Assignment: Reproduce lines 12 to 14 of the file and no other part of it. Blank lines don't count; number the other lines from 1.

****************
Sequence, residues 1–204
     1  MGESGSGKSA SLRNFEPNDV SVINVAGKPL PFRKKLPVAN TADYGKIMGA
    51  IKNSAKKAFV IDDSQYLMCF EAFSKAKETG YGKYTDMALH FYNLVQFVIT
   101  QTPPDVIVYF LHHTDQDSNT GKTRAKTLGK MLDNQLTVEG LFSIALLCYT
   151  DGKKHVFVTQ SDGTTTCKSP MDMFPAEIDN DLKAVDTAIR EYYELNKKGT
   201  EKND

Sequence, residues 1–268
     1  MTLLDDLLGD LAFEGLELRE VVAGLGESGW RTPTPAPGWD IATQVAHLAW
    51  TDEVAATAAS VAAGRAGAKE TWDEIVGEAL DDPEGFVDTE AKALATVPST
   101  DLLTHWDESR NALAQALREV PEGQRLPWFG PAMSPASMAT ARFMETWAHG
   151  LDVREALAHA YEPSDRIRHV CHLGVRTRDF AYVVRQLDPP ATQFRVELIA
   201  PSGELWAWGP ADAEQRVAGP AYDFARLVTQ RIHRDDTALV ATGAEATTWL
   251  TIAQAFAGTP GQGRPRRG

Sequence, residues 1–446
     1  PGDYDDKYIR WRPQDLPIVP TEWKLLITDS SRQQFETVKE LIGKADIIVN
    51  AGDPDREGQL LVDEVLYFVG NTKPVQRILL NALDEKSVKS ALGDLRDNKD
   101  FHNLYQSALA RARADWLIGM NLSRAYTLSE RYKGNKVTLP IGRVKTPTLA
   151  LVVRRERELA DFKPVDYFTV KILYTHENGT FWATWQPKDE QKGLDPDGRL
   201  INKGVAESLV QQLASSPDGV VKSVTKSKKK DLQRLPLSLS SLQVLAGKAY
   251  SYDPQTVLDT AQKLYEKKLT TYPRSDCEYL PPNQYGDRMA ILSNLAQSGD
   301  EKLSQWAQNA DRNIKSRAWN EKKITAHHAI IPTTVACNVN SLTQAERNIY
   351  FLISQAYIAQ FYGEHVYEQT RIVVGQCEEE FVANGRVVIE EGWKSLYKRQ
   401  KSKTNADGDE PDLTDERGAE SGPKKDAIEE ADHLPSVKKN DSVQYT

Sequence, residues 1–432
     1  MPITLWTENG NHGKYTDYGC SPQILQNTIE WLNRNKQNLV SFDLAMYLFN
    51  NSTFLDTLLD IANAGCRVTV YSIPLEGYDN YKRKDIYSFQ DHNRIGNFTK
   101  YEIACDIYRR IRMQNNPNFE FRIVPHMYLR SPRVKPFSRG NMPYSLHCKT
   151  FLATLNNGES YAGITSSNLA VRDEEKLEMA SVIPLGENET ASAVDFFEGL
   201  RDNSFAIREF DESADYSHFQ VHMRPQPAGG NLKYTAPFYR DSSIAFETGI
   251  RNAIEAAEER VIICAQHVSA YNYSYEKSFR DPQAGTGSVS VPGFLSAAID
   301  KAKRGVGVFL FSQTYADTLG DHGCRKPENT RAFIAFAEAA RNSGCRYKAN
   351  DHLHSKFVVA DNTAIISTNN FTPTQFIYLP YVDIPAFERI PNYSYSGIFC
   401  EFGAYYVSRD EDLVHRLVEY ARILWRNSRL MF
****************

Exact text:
   201  PSGELWAWGP ADAEQRVAGP AYDFARLVTQ RIHRDDTALV ATGAEATTWL
   251  TIAQAFAGTP GQGRPRRG

Sequence, residues 1–446